Master´s Thesis Defense by Mark Peter Owen Falkenberg – Niels Bohr Institutet - Københavns Universitet

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Master´s Thesis Defense by Mark Peter Owen Falkenberg







Land Deformation in Danish Coastal Cities measured by Satellite

Abstract:
Measuring topographic changes has been done using the Global Positioning System for years. New techniques have made it possible to measure these changes without the use of GPS, but by radar. This technique is called Interferometric Synthetic Aperture Radar (InSAR) and works by detecting surface deformation, using differences in the phase of returning radar signals. Using InSAR for measurements in deformation can yield mm scale changes in deformation over spans of day or years. One of the strongest sides of InSAR monitoring is the number of data points it produces. As a GPS measurement is only a single measurement and a InSAR sweep can produce tens of thousands or even hundreds of thousands depending of the size of the area of interest. InSAR has applications in several geophysical monitoring projects, such as volcano and earthquake monitoring, or in monitoring subsidence and structural stability. In this study radar images from three coastal areas in Denmark were used in conjunction with the open source software packages Doris and StaMPS to create deformation maps. The areas in question are Copenhagen, Esbjerg and Skagen. For the Copenhagen area, where there is constant urban development, it would be expected that there would be subsidence. This is, however, not the case as most of the central area seems to be at equilibrium. Sweden and northern Copenhagen experience upheaval.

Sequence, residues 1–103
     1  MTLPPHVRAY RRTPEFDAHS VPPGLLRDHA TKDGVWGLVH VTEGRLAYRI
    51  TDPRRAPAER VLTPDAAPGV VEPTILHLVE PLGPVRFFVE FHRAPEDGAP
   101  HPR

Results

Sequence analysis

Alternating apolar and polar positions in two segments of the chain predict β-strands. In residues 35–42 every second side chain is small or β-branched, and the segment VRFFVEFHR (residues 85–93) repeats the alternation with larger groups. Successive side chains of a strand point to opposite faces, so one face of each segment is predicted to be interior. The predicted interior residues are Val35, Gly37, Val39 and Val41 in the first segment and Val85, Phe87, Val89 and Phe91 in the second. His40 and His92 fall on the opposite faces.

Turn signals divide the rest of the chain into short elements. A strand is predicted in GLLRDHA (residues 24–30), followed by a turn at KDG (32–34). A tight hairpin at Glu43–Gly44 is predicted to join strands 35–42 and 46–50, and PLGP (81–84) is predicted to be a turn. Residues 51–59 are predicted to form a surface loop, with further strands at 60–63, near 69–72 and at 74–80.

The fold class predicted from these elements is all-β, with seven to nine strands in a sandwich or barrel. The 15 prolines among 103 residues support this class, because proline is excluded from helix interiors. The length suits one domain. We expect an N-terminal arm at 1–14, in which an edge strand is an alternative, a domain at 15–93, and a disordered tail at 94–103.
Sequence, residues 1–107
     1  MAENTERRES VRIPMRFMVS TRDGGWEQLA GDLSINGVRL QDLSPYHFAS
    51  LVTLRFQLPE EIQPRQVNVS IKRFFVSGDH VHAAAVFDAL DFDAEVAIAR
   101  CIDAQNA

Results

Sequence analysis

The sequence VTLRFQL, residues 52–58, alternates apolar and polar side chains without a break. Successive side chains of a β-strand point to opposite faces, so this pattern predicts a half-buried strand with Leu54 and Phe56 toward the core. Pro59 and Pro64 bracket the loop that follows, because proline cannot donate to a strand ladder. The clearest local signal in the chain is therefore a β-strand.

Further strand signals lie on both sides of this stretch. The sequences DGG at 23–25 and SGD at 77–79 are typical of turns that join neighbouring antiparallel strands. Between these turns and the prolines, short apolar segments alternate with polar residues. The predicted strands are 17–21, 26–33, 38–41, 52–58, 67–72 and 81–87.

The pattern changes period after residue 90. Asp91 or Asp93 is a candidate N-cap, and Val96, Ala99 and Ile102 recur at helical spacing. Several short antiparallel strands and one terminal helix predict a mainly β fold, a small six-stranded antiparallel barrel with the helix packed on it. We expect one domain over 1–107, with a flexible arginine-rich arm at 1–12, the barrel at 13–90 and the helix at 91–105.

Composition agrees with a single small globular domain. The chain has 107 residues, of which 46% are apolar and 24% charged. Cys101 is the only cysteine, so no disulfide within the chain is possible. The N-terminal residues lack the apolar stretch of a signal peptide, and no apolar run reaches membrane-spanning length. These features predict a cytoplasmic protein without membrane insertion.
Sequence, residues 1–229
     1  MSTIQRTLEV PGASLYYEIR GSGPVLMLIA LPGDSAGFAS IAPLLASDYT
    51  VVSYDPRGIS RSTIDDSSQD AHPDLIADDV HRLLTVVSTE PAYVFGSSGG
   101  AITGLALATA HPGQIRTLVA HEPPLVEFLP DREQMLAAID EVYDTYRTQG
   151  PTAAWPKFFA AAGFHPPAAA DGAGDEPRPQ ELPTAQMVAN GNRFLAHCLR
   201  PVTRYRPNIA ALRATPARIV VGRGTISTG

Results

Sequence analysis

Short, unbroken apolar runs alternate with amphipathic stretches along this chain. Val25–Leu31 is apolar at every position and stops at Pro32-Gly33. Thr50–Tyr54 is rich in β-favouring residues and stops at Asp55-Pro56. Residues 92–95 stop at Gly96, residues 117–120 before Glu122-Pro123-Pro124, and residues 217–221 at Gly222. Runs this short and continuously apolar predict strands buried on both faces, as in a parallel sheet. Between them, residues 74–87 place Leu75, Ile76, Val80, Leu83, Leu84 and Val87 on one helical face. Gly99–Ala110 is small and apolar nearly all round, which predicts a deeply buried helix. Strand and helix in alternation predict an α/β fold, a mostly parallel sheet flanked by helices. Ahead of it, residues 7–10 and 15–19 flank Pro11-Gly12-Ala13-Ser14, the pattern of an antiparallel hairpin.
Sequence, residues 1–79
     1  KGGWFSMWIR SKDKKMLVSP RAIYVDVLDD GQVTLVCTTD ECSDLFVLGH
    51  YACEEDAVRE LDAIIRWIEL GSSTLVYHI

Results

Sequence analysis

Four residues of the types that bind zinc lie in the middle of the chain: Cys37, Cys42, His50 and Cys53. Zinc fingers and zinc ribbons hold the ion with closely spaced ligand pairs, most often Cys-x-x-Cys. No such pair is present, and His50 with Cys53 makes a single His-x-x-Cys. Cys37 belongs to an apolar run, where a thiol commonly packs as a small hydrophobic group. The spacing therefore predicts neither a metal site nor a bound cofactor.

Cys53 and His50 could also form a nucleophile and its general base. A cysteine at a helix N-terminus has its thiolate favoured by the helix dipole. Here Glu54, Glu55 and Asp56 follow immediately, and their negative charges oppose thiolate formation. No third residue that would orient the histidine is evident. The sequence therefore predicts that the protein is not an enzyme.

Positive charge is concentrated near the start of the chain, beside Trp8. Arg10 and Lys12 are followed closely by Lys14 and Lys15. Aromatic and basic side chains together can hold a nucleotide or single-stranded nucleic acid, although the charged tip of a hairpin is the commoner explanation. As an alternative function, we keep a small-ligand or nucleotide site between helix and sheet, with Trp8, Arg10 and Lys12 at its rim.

The Esbjerg area is built on a landfill and dredging area. This, in combination with urban development, makes subsidence in Esbjerg very likely. However the area generally experiences uplift, with some extreme cases out on blåvands hug. Skagen and the Skagen peninsula experience a lot of pressure from ocean forces of Kattegat and the North sea. The peninsula area has been monitored for some time and it has been found out that the shore of the peninsula moves each year due to sediment deposits transported from the shores of northern Jutland. With large amounts of sediment deposited each year on the peninsula, the Skagen area is also an ideal candidate for subsidence. This is confirmed by the InSAR deformation map showing that the Skagen peninsula is experiencing subsidence at a fairly alarming level. 

The final deformation maps along with their standard deviations provided a good idea of what topographic changes are occurring at the monitored areas. In comparison with GPS data it can be seen that the InSAR measurements got the gradient right, however the precision of isolated points on the maps could be improved with more data.